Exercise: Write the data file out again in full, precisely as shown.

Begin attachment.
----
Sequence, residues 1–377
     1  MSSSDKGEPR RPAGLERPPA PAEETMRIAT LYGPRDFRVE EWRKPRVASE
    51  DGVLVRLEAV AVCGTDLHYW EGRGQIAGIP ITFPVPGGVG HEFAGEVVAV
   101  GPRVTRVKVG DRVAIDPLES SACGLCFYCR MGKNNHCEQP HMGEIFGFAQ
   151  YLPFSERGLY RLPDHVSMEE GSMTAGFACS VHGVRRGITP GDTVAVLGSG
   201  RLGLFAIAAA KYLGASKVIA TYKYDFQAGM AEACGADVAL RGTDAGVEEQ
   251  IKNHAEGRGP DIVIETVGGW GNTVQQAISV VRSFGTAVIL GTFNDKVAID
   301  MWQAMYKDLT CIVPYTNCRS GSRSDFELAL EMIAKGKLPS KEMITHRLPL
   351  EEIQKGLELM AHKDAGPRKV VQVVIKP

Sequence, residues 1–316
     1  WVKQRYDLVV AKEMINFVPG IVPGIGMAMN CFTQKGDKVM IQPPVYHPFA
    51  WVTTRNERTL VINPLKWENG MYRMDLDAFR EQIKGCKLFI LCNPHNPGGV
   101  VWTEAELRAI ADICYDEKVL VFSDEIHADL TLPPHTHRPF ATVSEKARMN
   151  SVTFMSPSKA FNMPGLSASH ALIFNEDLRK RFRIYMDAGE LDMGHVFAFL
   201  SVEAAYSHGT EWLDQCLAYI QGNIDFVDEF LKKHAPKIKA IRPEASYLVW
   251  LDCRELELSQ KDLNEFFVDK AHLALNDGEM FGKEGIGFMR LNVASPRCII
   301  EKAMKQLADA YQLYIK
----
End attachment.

Sequence, residues 1–377
     1  MSSSDKGEPR RPAGLERPPA PAEETMRIAT LYGPRDFRVE EWRKPRVASE
    51  DGVLVRLEAV AVCGTDLHYW EGRGQIAGIP ITFPVPGGVG HEFAGEVVAV
   101  GPRVTRVKVG DRVAIDPLES SACGLCFYCR MGKNNHCEQP HMGEIFGFAQ
   151  YLPFSERGLY RLPDHVSMEE GSMTAGFACS VHGVRRGITP GDTVAVLGSG
   201  RLGLFAIAAA KYLGASKVIA TYKYDFQAGM AEACGADVAL RGTDAGVEEQ
   251  IKNHAEGRGP DIVIETVGGW GNTVQQAISV VRSFGTAVIL GTFNDKVAID
   301  MWQAMYKDLT CIVPYTNCRS GSRSDFELAL EMIAKGKLPS KEMITHRLPL
   351  EEIQKGLELM AHKDAGPRKV VQVVIKP

Sequence, residues 1–316
     1  WVKQRYDLVV AKEMINFVPG IVPGIGMAMN CFTQKGDKVM IQPPVYHPFA
    51  WVTTRNERTL VINPLKWENG MYRMDLDAFR EQIKGCKLFI LCNPHNPGGV
   101  VWTEAELRAI ADICYDEKVL VFSDEIHADL TLPPHTHRPF ATVSEKARMN
   151  SVTFMSPSKA FNMPGLSASH ALIFNEDLRK RFRIYMDAGE LDMGHVFAFL
   201  SVEAAYSHGT EWLDQCLAYI QGNIDFVDEF LKKHAPKIKA IRPEASYLVW
   251  LDCRELELSQ KDLNEFFVDK AHLALNDGEM FGKEGIGFMR LNVASPRCII
   301  EKAMKQLADA YQLYIK